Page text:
Similarity and contrast, connection and separation, grouped and ungrouped are all ways to describe the varying sameness and difference between elements. Based on the information they carry, we’ll want some elements to look similar, to indicate that they are related in some way. We’ll also want to show that some elements are different and belong to different groups.

Design Principles: Connecting And Separating Elements Through Contrast And Similarity

Key to showing both is the visual characteristics of elements and their relationships. If two elements are related in some way, then they should show similar visual characteristics. If the elements are different, then they should look different.

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Designing Badges (And More) For A Conference

To badge or not to badge? That is the question. Because badges — and a lot of stuff designed for conferences — often look the same. But if you have a little, different conference, you need different kinds of things. Badges included.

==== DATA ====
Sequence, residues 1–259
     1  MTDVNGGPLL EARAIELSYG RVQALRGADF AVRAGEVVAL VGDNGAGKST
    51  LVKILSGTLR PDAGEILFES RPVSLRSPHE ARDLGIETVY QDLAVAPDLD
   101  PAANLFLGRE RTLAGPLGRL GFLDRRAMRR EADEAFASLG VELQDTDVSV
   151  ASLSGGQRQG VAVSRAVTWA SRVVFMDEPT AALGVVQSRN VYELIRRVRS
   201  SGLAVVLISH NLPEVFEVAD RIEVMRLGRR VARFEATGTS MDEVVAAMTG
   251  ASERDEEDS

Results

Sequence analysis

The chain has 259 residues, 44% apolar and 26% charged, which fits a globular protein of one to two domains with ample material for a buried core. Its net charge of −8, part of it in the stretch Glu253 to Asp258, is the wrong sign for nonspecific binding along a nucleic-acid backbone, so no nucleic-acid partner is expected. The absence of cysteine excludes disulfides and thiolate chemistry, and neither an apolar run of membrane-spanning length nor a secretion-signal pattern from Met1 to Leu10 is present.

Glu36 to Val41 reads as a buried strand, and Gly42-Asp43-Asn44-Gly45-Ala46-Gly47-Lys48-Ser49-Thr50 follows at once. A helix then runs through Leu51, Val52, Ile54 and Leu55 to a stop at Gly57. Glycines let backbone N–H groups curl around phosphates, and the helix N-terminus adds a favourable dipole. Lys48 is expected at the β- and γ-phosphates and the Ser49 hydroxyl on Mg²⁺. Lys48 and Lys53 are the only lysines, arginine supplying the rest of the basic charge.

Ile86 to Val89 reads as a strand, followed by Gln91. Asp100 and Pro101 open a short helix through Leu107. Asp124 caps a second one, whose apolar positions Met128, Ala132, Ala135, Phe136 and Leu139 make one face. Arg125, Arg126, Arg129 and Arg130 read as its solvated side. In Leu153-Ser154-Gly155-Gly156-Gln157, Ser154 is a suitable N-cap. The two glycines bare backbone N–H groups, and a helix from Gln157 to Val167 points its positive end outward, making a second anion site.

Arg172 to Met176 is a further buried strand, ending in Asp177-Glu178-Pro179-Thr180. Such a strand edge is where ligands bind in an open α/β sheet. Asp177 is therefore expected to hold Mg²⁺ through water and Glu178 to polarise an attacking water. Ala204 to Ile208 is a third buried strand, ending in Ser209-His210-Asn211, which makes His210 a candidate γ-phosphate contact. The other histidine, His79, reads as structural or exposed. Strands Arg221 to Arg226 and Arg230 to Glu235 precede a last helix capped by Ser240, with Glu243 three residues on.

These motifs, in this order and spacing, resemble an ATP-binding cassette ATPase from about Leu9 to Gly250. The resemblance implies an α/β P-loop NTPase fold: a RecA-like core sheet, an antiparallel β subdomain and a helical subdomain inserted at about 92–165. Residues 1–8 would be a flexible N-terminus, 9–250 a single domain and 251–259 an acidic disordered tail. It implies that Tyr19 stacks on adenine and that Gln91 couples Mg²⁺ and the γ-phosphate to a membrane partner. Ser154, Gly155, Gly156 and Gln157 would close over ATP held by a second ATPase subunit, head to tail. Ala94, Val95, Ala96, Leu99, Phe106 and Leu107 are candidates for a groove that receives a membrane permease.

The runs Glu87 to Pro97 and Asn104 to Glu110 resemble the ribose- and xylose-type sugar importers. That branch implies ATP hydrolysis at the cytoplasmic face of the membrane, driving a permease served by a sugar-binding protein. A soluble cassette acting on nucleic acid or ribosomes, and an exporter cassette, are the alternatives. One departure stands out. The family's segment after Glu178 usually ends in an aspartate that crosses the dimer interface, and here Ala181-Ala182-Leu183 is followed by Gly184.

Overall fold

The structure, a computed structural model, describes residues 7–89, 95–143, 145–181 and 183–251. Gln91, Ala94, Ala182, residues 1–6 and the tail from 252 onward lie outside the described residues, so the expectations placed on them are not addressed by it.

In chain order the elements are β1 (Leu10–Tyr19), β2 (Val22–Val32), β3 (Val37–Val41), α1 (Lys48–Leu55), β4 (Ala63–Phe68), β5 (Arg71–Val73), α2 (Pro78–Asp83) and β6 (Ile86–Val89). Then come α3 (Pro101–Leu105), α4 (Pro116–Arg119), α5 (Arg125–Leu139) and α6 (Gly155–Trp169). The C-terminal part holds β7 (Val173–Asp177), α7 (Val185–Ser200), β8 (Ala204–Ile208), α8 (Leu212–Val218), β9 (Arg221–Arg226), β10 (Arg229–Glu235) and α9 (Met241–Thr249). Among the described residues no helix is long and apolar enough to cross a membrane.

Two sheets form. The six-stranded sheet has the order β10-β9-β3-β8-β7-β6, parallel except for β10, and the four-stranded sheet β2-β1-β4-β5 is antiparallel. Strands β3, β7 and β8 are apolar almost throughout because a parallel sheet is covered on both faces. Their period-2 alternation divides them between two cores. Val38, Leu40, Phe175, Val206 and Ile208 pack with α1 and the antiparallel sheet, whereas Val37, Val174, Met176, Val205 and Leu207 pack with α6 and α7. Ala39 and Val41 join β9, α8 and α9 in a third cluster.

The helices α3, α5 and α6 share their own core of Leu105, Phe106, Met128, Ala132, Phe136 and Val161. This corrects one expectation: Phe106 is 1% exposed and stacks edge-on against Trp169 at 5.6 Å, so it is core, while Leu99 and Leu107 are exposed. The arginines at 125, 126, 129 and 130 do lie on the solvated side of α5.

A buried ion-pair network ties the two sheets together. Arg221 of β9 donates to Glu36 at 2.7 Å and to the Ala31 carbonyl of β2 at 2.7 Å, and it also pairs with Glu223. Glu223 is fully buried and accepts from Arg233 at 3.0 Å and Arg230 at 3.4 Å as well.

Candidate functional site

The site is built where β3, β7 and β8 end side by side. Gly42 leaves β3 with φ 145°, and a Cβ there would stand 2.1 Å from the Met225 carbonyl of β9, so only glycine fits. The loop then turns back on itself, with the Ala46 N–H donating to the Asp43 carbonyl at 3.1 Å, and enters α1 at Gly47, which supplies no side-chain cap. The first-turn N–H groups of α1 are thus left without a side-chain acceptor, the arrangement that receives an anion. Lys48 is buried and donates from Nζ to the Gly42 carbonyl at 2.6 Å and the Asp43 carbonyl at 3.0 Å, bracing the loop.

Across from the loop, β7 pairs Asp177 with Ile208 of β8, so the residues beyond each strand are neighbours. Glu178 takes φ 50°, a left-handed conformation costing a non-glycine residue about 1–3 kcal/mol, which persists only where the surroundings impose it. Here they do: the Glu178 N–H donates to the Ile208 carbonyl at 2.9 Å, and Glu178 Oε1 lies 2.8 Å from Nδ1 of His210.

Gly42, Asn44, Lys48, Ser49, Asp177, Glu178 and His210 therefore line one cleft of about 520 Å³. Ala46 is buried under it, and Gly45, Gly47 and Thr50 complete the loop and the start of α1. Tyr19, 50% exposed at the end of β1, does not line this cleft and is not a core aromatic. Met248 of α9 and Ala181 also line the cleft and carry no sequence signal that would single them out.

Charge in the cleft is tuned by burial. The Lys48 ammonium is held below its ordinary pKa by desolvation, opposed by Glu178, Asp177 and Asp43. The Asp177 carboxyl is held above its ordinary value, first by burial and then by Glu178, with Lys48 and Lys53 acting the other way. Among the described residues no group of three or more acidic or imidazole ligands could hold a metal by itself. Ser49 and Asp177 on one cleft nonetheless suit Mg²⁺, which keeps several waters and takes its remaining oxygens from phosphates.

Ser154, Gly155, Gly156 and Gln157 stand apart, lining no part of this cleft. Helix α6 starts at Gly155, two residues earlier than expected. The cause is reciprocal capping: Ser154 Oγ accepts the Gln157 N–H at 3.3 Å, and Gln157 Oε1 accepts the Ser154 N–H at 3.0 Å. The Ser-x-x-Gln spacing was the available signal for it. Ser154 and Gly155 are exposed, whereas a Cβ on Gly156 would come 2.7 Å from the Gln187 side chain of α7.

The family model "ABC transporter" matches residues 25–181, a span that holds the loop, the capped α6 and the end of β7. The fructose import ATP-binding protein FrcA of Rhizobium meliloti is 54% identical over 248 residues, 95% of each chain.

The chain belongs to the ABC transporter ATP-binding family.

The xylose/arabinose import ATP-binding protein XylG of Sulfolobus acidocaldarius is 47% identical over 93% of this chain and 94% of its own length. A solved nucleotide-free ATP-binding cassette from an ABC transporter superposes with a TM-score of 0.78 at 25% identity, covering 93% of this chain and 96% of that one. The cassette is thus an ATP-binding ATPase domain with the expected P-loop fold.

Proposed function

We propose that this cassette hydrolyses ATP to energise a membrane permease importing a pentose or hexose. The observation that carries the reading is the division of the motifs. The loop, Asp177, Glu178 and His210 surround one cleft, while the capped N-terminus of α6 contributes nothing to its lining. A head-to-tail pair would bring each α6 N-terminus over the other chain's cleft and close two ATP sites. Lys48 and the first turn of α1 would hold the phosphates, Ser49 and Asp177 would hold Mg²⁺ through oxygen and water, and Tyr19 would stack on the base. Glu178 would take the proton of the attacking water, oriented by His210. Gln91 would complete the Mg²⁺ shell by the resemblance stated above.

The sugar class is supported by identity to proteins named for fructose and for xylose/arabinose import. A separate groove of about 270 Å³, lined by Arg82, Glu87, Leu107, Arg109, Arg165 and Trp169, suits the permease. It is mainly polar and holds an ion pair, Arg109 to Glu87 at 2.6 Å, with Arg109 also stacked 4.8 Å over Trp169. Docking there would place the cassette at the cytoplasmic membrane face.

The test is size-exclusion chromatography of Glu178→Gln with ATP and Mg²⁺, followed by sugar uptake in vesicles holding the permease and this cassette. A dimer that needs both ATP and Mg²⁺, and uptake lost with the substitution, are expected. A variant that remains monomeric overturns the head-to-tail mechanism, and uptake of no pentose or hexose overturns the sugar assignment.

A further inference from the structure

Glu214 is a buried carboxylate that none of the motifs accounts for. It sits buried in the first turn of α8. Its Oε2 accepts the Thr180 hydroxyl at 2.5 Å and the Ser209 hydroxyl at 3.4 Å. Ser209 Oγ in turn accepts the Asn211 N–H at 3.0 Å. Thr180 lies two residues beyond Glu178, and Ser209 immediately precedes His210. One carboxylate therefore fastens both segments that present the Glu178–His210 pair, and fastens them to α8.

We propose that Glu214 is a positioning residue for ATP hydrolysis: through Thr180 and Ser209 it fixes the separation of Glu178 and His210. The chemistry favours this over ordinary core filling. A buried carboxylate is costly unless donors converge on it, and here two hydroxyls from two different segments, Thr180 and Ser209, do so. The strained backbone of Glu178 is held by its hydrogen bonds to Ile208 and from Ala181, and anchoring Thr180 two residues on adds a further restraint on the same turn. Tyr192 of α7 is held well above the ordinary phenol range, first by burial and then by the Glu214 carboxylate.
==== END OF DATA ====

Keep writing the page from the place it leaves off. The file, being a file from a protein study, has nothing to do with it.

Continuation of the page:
Designing Badges (And More) For A Conference

It all started in 2013 with the first Kerning conference. I was asked to design the official notebook: we ended up with a really typographic design for the cover and a funny pattern on the back. And an Easter egg on the cover — more on that later. It was a really funny project, so when my dear friend Cristiano Rastelli, a member of Kerning’s organizing committee, asked me to design the notebook and some printed materials for Kerning 2014 I immediately said “Yes, let’s start!”

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Off To The Races: Getting Started With Design Sprints

Many modern software development best practices draw on influences from the industrial era and concepts like specialization, where individuals with specialized skills worked in an assembly line to mass-produce physical products. These practices from the world of manufacturing have come to influence how things are done when designing and building software products as well.

Off To The Races: Getting Started With Design Sprints

Lean thinking is one of the latest approaches software development companies have adopted to maximize value and reduce wasted effort and resources. It does so by breaking down an objective into a series of experiments. Each experiment starts with a hypothesis that is tested and validated. The output of each experiment informs the future direction. This is similar to the idea of “sprints” in the agile world, where the overall product roadmap is divided into smaller and meaningful bodies of work.